Clive Owen has more than one way to play spy
Clive Owen, who hasn’t been seen on the big screen since his supporting turn as Sir Walter Raleigh in 2007’s “Elizabeth: The Golden Age,” comes back strong with two lead roles -- both in spy thrillers, though with very distinct tones -- early this year.
First is “The International,” opening Feb. 13. Directed by Tom Tykwer (“Run Lola Run”) and set in various European locales, the film casts the British actor as a relentless Interpol agent who teams with a savvy Manhattan district attorney (Naomi Watts) to bring down a powerful world bank involved in illegal arms trading.
Written and directed by Tony Gilroy (“Michael Clayton), “Duplicity” arrives in theaters next -- on March 20 -- and finds Owen with Julia Roberts playing corporate spies with a romantic past involved in a race to corner the market on a medical discovery.
Owen recently spoke about his two projects in an e-mail interview.
Tom Tykwer is so adept at big action sequences. What was that like as an actor?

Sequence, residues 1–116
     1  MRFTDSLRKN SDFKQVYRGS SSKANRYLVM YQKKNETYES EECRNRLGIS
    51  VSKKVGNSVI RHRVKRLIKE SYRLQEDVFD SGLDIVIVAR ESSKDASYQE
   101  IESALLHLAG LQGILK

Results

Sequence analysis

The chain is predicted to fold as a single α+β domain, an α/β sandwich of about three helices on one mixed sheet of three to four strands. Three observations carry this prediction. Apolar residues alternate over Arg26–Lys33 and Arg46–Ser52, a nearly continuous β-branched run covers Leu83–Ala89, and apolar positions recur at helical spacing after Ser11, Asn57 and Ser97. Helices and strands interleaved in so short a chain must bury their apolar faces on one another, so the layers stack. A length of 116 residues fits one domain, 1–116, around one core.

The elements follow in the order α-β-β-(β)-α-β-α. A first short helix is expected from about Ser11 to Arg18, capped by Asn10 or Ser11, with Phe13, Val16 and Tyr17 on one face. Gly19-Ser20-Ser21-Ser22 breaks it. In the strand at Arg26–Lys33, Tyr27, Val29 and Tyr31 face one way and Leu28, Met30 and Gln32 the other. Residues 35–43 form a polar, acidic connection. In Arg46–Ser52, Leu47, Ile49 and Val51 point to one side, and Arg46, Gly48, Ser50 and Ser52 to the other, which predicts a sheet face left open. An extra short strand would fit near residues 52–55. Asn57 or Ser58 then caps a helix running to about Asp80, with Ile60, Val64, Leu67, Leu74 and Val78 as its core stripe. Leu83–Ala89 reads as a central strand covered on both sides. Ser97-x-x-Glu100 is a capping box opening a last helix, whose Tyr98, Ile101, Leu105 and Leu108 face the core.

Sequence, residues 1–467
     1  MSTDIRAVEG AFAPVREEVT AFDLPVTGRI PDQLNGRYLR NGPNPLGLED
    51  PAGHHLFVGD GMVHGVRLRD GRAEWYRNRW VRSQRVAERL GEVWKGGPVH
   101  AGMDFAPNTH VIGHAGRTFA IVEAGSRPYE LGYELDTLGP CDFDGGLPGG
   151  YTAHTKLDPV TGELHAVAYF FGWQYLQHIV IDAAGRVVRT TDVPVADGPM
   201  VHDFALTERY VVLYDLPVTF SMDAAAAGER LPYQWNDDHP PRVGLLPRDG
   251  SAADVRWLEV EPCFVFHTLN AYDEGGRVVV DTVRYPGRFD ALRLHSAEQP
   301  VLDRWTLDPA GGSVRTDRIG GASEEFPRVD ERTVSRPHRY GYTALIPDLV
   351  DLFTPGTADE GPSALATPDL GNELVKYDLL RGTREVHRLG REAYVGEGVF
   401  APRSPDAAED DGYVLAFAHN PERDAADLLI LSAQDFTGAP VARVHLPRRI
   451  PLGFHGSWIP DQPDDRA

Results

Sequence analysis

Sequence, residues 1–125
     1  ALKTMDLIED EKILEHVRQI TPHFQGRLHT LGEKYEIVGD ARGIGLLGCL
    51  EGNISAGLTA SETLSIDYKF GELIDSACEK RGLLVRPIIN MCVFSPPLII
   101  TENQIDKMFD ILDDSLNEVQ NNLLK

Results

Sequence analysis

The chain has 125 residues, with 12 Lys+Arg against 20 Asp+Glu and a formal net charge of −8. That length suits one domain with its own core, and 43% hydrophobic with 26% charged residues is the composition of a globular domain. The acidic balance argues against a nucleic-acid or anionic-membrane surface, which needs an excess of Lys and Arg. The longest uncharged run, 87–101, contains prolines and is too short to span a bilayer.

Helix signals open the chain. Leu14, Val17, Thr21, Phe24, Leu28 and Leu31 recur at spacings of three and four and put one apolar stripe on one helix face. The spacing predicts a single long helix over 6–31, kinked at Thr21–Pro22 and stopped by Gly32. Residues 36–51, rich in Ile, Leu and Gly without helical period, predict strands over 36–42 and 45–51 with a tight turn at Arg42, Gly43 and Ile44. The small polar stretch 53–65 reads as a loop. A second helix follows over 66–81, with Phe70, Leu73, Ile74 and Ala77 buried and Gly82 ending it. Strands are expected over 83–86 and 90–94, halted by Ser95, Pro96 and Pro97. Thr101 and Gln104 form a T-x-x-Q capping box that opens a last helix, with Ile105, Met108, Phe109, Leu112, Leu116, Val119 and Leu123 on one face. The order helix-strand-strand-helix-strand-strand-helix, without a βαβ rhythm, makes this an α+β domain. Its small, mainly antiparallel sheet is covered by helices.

I’m a big fan of Tom’s work. He’s up there as one of the very best directors I have worked with. He seems to have a grasp of all aspects of filmmaking; I trust him implicitly.
Though it has a very contemporary story line, “The International” has that feel of those great spy thrillers of the 1960s that are set throughout Europe.
The locations play a very big part in the experience of this movie. My character literally travels the world in pursuit of bringing down one of the world’s biggest banks, and each location is hugely atmospheric.
The lengthy shoot sequence set at the Guggenheim Museum in New York is absolutely dazzling but must have been extremely arduous to shoot.
It took a long time and a lot of preparation. It’s a very good example of how talented Tom is as a director. It’s an ever-developing, exquisitely realized action sequence in an iconic New York museum. I think this sequence will be talked about for many years.
You and Armin Mueller-Stahl, who plays a member of the powerful bank, have some crackling scenes together, especially the intense interrogation sequence. Did you rehearse?
Rehearsals were more about understanding the scenes than playing them. You have to be careful rehearsing for movies -- if you over-rehearse you can kill a scene by getting overly familiar with it.
How is “Duplicity” different in style and tone than “The International”?
“Duplicity” is a very different kind of movie. It’s a very sexy, savvy, banter movie with fantastic dialogue -- some of the best I’ve been given on film. I thought “Michael Clayton” was an astonishing debut for Tony -- so smart and assured. And “Duplicity” is one of the best scripts I’ve read in a very long time. The two films have a couple of things in common -- great scripts and brilliant directors.